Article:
These days, within a Scottish clan or family, there are usually those who have embraced the musical culture of Scotland and play the bagpipes. Although not originating in Scotland, the pipes have become synonymous with and remain an important part of our identity. It was pipers who famously led Scottish regiments into battle especially so in the first and second World Wars, many under a hail of bullets. To a true Scot, the skirl of the pipes makes the hair on the back of their neck stand up and the heart to the point of bursting with pride. This is something that is shared by all proud descendants of Alba, irrelevant from where the come from. Today therefore, I wish to highlight one of our own who is an artisan in their craft.
Andrew Carruthers – The Man
Andrew’s family left Dumfriesshire to move south settling in Whitehaven over the border in Cumbria in the 18th century. Like many Carruthers of the day, they left their homelands seeking work, in this case to work in the coalfields initially in the west but then moving east into Northumbria. These were tough times and Andrew’s great-grandfather told stories of being winched down the pit as a child, on the shoulders of his father while his father clung to the knotted rope of the cable. Not unsurprisingly, Tom became the first of four generations of that branch Carruthers to leave the mines and become a policeman finally ending up in South Shields in County Durham, producing three generations of builders. Inevitably, Andrew’s cousins both near and distant, probably now spread across the whole of the north of England.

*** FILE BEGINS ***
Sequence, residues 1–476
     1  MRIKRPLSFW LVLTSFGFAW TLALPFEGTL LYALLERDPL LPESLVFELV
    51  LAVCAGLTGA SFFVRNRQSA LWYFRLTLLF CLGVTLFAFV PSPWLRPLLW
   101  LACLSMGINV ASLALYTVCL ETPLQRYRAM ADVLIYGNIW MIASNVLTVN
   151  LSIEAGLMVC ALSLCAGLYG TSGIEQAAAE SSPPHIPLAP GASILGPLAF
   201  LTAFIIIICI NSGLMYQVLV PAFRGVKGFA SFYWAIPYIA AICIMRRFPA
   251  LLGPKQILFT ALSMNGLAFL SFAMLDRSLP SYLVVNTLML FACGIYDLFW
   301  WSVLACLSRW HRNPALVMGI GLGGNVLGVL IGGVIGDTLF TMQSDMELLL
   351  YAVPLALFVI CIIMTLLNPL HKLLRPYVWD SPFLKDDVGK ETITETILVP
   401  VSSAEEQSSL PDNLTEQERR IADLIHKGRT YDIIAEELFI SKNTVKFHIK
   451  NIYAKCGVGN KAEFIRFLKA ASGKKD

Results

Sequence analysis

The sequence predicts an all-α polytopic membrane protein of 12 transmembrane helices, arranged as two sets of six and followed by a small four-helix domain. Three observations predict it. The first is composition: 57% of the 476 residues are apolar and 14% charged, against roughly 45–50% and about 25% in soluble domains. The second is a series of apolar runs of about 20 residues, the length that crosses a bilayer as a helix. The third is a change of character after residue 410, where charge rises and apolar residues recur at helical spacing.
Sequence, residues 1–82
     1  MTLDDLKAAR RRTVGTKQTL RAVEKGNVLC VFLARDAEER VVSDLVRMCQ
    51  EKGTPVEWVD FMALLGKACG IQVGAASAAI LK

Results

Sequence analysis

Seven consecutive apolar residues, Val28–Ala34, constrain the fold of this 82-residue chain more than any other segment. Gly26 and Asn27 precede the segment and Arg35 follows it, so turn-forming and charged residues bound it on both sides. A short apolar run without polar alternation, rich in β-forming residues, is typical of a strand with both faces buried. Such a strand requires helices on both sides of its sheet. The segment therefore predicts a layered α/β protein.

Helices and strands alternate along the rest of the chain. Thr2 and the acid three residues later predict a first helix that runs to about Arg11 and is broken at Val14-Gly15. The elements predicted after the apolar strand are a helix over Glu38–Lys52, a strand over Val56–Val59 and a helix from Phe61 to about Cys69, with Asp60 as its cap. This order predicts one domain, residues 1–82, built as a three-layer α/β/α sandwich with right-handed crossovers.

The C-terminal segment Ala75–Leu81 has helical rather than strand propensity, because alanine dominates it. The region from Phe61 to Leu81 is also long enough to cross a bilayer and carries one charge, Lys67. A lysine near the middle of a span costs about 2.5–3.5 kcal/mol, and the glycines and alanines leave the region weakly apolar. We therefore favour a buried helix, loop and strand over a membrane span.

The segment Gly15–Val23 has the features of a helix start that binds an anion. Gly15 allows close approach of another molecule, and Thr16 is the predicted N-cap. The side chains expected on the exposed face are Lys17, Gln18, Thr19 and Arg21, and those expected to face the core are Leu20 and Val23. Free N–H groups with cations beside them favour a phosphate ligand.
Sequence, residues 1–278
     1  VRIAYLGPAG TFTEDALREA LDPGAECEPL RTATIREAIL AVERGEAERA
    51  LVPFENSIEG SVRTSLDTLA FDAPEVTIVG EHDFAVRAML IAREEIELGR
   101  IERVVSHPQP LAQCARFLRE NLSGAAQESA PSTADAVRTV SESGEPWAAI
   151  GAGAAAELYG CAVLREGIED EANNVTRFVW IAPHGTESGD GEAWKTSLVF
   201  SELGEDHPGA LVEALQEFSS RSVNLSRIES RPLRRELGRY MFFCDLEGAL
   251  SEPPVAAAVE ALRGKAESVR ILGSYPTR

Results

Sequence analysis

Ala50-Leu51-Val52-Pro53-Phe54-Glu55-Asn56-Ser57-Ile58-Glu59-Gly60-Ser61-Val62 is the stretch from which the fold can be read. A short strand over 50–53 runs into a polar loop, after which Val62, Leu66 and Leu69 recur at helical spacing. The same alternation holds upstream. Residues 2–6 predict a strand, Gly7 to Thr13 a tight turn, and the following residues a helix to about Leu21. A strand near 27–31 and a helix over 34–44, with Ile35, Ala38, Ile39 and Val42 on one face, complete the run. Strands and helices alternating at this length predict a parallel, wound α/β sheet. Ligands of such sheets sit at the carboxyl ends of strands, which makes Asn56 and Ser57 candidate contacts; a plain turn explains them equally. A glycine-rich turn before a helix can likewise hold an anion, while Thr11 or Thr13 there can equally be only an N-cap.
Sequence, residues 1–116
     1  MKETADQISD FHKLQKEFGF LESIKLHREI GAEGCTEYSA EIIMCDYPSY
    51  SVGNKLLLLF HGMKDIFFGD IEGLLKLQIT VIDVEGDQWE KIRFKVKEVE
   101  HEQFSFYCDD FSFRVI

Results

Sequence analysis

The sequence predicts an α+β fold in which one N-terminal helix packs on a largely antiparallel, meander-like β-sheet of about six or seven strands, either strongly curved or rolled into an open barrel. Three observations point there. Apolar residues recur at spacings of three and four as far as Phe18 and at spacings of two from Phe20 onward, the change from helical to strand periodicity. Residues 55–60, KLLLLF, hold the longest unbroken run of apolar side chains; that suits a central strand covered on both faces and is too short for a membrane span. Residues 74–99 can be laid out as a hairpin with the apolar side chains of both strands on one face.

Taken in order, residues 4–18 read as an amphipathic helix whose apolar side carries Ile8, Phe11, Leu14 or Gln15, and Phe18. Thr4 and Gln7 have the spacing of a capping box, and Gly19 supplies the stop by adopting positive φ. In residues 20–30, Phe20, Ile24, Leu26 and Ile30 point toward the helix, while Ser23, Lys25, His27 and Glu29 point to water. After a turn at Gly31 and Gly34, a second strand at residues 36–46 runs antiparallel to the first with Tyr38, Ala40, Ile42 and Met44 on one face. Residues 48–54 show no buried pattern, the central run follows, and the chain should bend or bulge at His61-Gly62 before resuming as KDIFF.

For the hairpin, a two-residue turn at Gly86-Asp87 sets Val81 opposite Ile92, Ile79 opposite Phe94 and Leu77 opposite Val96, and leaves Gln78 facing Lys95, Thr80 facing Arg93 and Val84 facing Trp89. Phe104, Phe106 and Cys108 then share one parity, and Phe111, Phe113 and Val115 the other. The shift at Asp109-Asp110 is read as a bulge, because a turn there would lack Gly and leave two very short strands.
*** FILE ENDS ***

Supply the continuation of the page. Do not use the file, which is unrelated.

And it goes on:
Andrew’s own father moved down to the London area where he set up his own building business in the 1930s, a business which was continued by his older brother until very recently. His mother was a Chalmers originally from Edinburgh, and when Andrew qualified as a town planner, he moved to Edinburgh to work, subsequently moving on to Gordon District Council and latterly Aberdeenshire Council, where since 1980 he has lived with Mary his wife and his 4 children, two girls and two boys, in Alford on Donside.
Andrew Carruthers – The Piper
Andrews introductions to the bagpipes was during his undergraduate year at Cambridge in 1966. This carried on the piping tradition from two uncles who served in the Great War. Initially Andrews uncles were introduced to the violin but the pipes became their chosen instrument. As an aside, Andrew also played the violin which took him on one occasion under the baton of the late great Yehudi Menuhin. He eventually turned to his instrument of choice which was to lead to a lifelong passion, that of playing the pipes. Initially Andrew only played in public at New Years Celebrations and the like until his two sons were old enough to follow in his footsteps. They took tuition from the Pipe Major of Lonach Pipe Band, Alistair Lang, practicing the tunes of the band with their father. This lead to Andrew joining the band in 1995, initially with his eldest son, then his younger son joined them, but sons both now having moved on. Andrew’s tenure with the band is only dwarfed by Alistair (the Pipey), who is in his 60th year with Lonach.